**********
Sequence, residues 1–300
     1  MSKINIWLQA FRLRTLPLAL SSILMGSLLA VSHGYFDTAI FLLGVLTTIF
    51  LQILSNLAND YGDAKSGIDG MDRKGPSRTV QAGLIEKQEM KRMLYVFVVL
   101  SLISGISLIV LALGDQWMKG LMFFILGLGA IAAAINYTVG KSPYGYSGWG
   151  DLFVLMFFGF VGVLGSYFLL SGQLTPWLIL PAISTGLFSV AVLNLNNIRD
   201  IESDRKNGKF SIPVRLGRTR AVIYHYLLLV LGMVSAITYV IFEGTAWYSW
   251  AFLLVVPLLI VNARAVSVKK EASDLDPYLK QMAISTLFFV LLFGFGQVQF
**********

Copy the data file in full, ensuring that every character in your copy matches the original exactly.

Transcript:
Sequence, residues 1–300
     1  MSKINIWLQA FRLRTLPLAL SSILMGSLLA VSHGYFDTAI FLLGVLTTIF
    51  LQILSNLAND YGDAKSGIDG MDRKGPSRTV QAGLIEKQEM KRMLYVFVVL
   101  SLISGISLIV LALGDQWMKG LMFFILGLGA IAAAINYTVG KSPYGYSGWG
   151  DLFVLMFFGF VGVLGSYFLL SGQLTPWLIL PAISTGLFSV AVLNLNNIRD
   201  IESDRKNGKF SIPVRLGRTR AVIYHYLLLV LGMVSAITYV IFEGTAWYSW
   251  AFLLVVPLLI VNARAVSVKK EASDLDPYLK QMAISTLFFV LLFGFGQVQF